CINDY ELLEN RUSSELL / CRUSSELL@STARBULLETIN.COM
One sclera and two donated corneas are encased in sterile plastic containers at the Hawaii Lions Eye Bank. The two corneas will be transplanted into a waiting recipient within a week.
Cornea supply may grow
A surgical technique makes laser-treated eyes donor-eligible
A nationwide shortage of cornea donations may be eased in the next year by making people with laser surgery eligible for donations, says Honolulu ophthalmologist John Olkowski.
Patients with LASIK or PRK (photorefractive keratectomy) eye surgery have not been candidates for cornea donation because of the transplantation method, but a new surgical technique will change the restriction, said Olkowski, EyeSight Hawaii refractive and corneal specialist.
Olkowski said he had to cancel three corneal surgeries scheduled two weeks ago because no corneas were available.
Only about 130 corneal transplants a year are done in Hawaii on an average, said Shawn Wofford, Hawaii Lions Eye Bank executive director.
"Even if we get donors, not everyone is okay to be a donor," he said, explaining they can't have blood-borne or other diseases and next-of-kin must agree to the donation.
He urges people who want to donate corneas or other organs to tell their family.
If corneal surgery is scheduled and no corneas are available locally, Wofford said, "we will call eye banks on the mainland and bring one in from them. It can be difficult at times. Mainland eye banks are doing the same thing we are."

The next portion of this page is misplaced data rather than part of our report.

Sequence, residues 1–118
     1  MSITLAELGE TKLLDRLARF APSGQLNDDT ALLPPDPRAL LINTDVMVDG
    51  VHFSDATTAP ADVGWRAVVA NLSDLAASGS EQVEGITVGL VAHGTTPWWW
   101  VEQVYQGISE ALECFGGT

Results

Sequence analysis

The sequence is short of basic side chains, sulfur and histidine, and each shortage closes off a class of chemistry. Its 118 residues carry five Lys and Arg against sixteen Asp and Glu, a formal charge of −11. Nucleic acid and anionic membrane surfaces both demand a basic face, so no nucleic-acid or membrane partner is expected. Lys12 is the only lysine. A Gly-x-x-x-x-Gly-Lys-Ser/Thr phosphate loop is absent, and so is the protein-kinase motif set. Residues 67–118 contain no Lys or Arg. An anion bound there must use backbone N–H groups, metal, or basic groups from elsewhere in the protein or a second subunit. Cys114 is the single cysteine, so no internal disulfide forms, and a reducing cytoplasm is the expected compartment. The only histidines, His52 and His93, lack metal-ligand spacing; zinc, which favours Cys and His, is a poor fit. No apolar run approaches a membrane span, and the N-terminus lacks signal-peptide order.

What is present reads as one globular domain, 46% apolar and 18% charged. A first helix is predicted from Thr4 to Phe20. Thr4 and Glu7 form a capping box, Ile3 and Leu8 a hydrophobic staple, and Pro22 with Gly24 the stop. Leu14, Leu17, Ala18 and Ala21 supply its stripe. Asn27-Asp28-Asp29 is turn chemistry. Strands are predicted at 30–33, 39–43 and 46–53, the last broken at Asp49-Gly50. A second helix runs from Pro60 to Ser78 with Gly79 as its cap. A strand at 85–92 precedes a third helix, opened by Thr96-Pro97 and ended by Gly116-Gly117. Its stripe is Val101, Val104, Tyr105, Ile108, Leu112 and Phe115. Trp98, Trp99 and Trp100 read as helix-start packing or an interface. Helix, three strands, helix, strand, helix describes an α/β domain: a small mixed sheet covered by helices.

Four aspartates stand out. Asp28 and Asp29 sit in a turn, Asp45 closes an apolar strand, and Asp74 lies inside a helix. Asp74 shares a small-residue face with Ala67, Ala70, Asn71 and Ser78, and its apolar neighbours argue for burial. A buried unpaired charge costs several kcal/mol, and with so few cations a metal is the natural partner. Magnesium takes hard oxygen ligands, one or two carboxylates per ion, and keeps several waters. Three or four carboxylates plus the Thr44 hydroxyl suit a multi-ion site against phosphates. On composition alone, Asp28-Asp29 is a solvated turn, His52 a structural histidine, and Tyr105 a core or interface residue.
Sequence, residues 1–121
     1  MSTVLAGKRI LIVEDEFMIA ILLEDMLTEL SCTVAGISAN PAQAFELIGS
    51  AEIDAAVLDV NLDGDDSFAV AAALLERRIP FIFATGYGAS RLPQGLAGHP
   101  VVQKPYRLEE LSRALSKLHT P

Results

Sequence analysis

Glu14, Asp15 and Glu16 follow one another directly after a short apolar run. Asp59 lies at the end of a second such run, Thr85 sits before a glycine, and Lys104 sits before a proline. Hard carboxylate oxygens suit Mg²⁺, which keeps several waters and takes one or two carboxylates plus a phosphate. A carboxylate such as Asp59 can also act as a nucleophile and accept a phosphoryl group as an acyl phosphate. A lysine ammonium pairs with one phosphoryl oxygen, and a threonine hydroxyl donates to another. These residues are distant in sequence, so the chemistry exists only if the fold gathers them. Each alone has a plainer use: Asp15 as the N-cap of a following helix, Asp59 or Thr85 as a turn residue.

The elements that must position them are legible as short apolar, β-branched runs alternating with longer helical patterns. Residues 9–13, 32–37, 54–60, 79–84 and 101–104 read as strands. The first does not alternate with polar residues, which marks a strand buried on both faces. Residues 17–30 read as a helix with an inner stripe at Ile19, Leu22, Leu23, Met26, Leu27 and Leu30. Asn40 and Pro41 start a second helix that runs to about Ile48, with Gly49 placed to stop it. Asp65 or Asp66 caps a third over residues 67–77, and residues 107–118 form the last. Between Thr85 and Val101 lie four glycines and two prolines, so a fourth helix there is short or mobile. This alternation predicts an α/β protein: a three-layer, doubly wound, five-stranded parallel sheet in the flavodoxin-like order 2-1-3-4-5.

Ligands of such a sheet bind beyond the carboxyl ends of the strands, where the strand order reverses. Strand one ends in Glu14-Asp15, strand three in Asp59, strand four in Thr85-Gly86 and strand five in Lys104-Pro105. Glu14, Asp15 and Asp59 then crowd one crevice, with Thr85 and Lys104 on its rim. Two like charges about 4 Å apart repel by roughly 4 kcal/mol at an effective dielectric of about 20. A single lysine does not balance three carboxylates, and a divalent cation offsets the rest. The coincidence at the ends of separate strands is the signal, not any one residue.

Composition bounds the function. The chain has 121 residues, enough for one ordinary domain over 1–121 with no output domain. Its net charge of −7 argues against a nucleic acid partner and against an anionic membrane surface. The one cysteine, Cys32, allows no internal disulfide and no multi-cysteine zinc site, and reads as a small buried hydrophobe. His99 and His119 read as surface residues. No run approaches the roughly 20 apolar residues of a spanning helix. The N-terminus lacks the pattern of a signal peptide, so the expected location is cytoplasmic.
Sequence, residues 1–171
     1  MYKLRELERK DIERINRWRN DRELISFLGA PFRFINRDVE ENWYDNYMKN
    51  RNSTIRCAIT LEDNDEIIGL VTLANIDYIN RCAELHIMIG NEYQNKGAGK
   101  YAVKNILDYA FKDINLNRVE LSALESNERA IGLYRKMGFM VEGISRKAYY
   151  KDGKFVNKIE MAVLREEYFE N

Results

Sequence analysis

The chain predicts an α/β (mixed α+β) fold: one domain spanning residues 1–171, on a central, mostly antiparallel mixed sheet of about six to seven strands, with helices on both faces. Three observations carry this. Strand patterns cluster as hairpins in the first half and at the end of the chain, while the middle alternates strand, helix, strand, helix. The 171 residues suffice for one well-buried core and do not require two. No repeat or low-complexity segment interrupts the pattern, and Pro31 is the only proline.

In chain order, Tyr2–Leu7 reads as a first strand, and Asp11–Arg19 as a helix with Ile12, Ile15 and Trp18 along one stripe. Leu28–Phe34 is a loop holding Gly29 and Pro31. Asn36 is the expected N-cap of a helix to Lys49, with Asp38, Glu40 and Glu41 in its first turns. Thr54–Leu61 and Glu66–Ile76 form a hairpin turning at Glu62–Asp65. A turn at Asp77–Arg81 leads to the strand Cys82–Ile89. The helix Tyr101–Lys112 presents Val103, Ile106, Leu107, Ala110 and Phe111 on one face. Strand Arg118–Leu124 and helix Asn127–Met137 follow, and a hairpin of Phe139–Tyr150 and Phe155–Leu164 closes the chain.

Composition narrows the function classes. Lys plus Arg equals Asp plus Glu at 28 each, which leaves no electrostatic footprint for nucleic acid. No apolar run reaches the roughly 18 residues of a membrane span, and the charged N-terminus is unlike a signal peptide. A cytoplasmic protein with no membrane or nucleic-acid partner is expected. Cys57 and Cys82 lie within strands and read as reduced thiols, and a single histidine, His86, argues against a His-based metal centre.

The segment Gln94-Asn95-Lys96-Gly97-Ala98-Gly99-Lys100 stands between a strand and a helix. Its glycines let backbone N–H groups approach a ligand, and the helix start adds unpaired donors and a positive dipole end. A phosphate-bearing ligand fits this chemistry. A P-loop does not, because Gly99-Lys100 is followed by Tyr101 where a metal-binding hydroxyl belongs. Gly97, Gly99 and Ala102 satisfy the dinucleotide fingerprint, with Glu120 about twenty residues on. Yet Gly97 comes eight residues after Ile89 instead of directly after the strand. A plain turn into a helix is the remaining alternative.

Three of the five largest eye banks on the mainland were asking him for corneas two weeks ago, he said.
Wofford said there is a huge demand internationally for corneal transplants: "The World Health Organization says over 1 million people in China need a cornea. Australia has a one-year wait list."
The surge of laser surgery nationally has ruled out potential cornea donors, Wofford said. But Olkowski is among corneal specialists using a new surgical technique that does not exclude cornea donors with laser surgery.
Olkowski said corneal specialists for the last hundred years have transplanted the whole thickness of the cornea because the back layer or endothelium, which is most important for clarity, does not work.
However, for about 2 1/2 years he has been using a procedure called endothelial keratoplasty, replacing only the back layer, he said.
It's much less invasive than a full-thickness transplant, with faster recovery for patients, he said. "This is almost like cataract surgery. They are back to normal activity the next day and can see fine in two to three months."
He has done a study on the technique, which he said can be used with corneas from LASIK patients once the rules are changed to allow corneas from people who have had laser surgery.
"Patients with LASIK have the treatment on the front portion of the cornea, but the back portion is fine," he said. "Usually, they are young, healthy people."
Olkowski said 10 to 15 percent of corneal specialists are using the new procedure and the number is growing.